|Train on Sparse Targets||4359.36||3841.52||5409.82||5770.88||4974.86|
|Train on Dense Targets||197.92||7.10||487.56||1401.07||34.10|
By carefully examining the failure cases, we observed a lot of near target failures as shown in Figure 7. Although the robot reaches a nearby location to the target, it fails to output the right action to move to the target.
A very common scenario in testing is that after starting from a random location, the agent quickly navigates to the area around the testing target in a few steps. This behavior shows that the model successfully learns to navigate to this target probably by learning a rough room layout. However, after reaching the nearby area, the agent begins to vacillate around the target location and finally fails to arrive at the exact target view. It suggests that the robot can not differentiate two nearby and similar views.
To address this issue, we propose to use spatial-aware feature to represent the visual inputs. Instead of using the 2048-dim feature extracted from the last layer of a pre-trained CNN[he2016deep], we can leverage features extracted from early layers which encode more spatial information.
The 2,048-dim feature lacks the spatial information on the image space because of the precedent global average pooling operation. We choose to use the feature maps right before the last global average pooling layer to as the representation to address this issue.
We propose a diagnostic experiment to validate this design. Given a pair of images that have a large portion of view overlap and are only one-step away (i.e. go forward, go backward, move to the left, move to the right), we train a simple siamese-style network over extracted image features to predict the action to match the two views. The four types of testing image pairs are illustrated in Figure 8.
We first train two models using 2,048-dim input features and the proposed spatial-aware features on the image pairs from all 24 scenes in the AdobeIndoorNav dataset. The image pairs for training and testing are different, but are all taken from the same scenes. In Table VI, we observe a classification accuracy improvement from 83.5% to 87.5% when we replace the original 2,048-dim feature to the spatial-aware feature. Then, we train the two models on image pairs from the 15 training scenes and test on the other 9 scenes for testing. We observe larger performance improvement from 53.0% to 72.6%. This experiment validates that the spatial-aware feature encodes more spatial information that can be used to resolve the near-by target failures.
|2,048-dim Feature||Spatial-aware Feature|
|On the same scenes||83.5%||87.5%|
|On different scenes||53.0%||72.6%|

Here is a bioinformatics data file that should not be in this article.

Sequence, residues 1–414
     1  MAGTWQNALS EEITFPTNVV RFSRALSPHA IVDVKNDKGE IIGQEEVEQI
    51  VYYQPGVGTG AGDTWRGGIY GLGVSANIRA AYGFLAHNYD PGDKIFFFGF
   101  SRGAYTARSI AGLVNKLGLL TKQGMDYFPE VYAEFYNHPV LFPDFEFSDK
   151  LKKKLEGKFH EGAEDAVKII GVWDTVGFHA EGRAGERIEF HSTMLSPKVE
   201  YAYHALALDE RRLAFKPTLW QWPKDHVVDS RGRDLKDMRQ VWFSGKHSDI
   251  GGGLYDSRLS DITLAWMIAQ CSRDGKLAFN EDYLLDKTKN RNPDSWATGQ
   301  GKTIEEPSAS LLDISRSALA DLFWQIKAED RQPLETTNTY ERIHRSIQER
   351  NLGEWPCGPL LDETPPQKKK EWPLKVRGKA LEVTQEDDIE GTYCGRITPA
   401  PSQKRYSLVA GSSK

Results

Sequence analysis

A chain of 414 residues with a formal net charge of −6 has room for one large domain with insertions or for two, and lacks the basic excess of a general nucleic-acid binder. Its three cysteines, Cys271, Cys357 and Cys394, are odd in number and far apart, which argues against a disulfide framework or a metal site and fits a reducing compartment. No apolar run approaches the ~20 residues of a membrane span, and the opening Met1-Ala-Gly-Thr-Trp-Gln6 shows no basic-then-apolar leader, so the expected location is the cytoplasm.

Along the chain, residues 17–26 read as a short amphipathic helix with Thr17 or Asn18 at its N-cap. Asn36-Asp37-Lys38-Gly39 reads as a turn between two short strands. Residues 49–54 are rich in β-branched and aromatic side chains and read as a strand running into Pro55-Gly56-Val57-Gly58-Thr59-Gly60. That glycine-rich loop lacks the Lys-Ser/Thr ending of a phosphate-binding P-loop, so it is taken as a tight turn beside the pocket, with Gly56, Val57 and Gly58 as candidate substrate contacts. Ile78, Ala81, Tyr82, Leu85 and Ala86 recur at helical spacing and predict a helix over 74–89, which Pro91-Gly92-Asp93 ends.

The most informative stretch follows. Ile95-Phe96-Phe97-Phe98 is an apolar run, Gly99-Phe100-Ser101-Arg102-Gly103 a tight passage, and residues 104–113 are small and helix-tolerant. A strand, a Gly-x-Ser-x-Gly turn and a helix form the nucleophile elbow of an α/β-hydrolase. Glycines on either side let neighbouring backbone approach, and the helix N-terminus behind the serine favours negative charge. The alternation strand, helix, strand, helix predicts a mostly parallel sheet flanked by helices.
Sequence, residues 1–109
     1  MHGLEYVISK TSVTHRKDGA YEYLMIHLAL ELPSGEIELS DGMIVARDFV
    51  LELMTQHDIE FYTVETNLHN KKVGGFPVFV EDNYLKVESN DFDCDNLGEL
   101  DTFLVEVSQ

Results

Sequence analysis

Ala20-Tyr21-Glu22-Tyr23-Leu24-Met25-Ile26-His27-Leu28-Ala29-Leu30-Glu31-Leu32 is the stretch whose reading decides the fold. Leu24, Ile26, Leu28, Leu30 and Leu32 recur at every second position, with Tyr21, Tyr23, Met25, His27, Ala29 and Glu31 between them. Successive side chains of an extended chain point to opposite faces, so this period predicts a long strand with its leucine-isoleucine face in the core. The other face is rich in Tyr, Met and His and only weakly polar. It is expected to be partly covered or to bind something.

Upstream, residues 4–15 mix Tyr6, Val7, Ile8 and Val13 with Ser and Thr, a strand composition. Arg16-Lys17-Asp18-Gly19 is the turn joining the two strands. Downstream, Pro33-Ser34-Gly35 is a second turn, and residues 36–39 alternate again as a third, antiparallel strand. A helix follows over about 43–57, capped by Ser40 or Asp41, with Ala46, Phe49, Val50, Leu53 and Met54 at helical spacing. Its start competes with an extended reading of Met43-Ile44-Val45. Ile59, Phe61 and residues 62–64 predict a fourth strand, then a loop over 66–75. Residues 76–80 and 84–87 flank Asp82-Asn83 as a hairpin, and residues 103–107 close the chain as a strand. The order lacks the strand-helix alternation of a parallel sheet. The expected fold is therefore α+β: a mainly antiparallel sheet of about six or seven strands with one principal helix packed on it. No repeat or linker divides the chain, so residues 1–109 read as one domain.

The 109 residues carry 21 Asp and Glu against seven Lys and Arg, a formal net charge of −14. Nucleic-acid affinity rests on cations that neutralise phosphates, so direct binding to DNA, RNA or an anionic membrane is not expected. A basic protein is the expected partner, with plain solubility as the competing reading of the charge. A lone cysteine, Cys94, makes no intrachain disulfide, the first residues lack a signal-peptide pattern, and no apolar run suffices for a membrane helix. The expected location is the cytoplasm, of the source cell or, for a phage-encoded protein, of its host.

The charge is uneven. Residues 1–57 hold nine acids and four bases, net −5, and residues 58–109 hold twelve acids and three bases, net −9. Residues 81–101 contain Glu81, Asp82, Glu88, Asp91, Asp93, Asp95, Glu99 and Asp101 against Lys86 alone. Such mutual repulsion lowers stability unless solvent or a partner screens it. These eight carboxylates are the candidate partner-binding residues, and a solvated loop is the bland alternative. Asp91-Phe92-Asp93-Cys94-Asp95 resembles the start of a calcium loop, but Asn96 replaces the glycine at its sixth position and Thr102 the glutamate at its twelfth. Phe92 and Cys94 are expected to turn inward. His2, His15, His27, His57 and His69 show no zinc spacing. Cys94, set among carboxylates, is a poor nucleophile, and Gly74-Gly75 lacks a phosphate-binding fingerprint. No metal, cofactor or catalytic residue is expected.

The target-driven visual navigation setting is very difficult even for human. Imagine one being dropped in a new environment and given an image of a target view. It is largely impossible even for human to figure out the shortest path. We believe one promising future direction could be combing map-building methods with DRL to construct a map either implicitly or explicitly for navigation. It is not clear how to formulate everything into a DRL framework, but we believe it is an interesting future work.
Another direction to explore DRL for robot navigation is to design a task simpler than the target-driven setting. For example, a more intuitively feasible task could be unknown environment exploration. In this case, DRL can be trained more efficiently since there is a fixed goal independent to the scenes.
Navigation target can also be specified as a relative position to the robot. This paradigm would be easier to address too. The relative position implicitly suggests a shortest path, which would serve as a strong regularization in DRL training.
Despite of the problems we observed by evaluating this DRL based visual navigation algorithm over our dataset, we still believe DRL is promising towards real-world visual navigation.
We collect a dataset for the community to study indoor robot visual navigation with deep reinforcement learning. The collected dataset is a simplified version of real-world robot visual navigation. To support training DRL for robot navigation, our dataset fill-in the gap between synthetic 3D scenes datasets and 3D reconstructed datasets. We provide 360-degree panoramic images at densely sample grid locations in 24 scenes. We further study the recently proposed DRL algorithm for the target-driven visual navigation problem in real-world scenes with our dataset. Our observation is that the DRL based method is still far from practical. We discuss our proposed improvements to the method with empirical validation and share our thoughts on potential future work in this direction.